The plot for No Straight Roads isn't as convoluted as the title would suggest. Even the twists are pretty easy to predict, though I don't think this was a bad thing. No Straight Roads didn't set out to make a grandiose, epic story. It wanted to tell something fun using the power of music, and that was good enough for me. There are, however, numerous objects scattered around that Mayday and Zuke can observe that build the world. They both have their own thoughts and comments on things like speakers, microphones, and even the artist merch that NSR sells to the public. It definitely adds some liveliness to Vinyl City, as well as establishes the differences between hot-blooded, energetic Mayday and cool, collected Zuke.
Interviews, when unlocked, give more fans and more insight into the protagonists, and I thought it was a good way to learn more about characters in-universe. These insights extend into gameplay, with Mayday having slow, strong attacks, and Zuke relying on finesse and technical combos. There are some moments of real poignancy, as well, but No Straight Roads by and large ends on an upbeat note. The Yinu, Eve, and Tatiana fights stand out as particularly emotionally-charged.
No Straight Roads to Victory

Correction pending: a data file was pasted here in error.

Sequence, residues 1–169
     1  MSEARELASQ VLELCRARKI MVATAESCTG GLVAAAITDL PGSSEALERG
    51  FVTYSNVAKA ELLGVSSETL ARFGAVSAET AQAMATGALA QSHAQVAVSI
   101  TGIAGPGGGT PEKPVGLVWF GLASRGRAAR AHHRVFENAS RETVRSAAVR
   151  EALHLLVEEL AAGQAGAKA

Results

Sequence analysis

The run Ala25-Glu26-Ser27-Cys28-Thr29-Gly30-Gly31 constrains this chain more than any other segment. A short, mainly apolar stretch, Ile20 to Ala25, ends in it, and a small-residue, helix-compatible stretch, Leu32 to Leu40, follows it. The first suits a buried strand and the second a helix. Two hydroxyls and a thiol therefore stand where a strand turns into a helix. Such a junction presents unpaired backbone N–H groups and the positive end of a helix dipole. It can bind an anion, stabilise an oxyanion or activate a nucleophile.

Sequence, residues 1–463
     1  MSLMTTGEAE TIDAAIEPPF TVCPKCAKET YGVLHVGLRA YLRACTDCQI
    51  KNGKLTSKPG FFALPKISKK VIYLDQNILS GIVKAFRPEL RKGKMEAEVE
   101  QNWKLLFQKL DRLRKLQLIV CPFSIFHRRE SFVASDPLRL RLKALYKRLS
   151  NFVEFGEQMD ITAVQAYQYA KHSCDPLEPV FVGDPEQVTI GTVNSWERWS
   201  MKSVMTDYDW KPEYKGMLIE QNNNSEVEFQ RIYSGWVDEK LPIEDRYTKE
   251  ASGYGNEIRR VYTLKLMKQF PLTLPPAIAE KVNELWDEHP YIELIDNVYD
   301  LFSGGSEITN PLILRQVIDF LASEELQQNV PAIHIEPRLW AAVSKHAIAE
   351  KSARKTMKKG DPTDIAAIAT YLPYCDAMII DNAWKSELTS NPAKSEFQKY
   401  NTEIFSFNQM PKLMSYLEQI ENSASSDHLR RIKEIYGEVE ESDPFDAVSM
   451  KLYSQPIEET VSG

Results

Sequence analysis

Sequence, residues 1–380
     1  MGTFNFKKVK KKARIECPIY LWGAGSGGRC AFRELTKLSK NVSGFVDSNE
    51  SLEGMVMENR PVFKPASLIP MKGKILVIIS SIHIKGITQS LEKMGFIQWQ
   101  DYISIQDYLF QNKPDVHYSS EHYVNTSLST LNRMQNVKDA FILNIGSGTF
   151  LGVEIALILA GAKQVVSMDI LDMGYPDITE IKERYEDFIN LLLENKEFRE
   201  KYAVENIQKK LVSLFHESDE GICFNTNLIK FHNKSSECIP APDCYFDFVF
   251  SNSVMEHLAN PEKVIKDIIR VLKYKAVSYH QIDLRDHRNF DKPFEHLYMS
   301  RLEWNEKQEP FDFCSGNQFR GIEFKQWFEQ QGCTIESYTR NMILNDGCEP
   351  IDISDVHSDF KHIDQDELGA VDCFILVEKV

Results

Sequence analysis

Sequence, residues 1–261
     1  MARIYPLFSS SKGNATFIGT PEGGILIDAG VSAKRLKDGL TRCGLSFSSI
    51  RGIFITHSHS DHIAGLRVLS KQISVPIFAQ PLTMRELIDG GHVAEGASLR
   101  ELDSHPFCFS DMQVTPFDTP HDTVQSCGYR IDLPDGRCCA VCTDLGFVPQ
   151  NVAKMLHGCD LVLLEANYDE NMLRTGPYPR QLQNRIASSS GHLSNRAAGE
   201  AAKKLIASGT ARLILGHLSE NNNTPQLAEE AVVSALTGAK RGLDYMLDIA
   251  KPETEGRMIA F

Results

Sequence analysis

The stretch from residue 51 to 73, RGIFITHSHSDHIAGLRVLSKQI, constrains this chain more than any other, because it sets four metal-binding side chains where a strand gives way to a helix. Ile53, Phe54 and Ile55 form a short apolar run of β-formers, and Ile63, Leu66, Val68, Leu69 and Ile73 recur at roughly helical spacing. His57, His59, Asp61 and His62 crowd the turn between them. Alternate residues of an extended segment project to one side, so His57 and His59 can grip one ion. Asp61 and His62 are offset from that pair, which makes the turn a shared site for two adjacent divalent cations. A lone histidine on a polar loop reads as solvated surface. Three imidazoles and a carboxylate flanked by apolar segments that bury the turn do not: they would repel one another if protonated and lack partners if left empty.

No Straight Roads has decent controls, but they definitely favor a controller over a keyboard setup. There's a definite floatiness to their jumping that made the platforming Approach sections a slog. Each time you attempt to hijack an act, you must get through their security with an Approach. This security is comprised of waves of generic enemies in bite-sized chunks. Occasionally, there are other obstacles to avoid such as bottomless pits. This floatiness was especially prevalent on 1010's Approach, which featured extensive platforming in time to the beats. Thankfully, these Approaches don't matter much and can be skipped with subsequent fights, where the floatiness doesn't usually matter. It feels there's some sluggishness in controls sometimes as well, though other times the characters are quite responsive. There is a slight delay when swapping characters, to prevent abuse. The special moves are rather circumstantial, and I found myself using healing skills more often than anything else. Since each enemy attacks in time to a beat, you can feel out when enemies will make their move.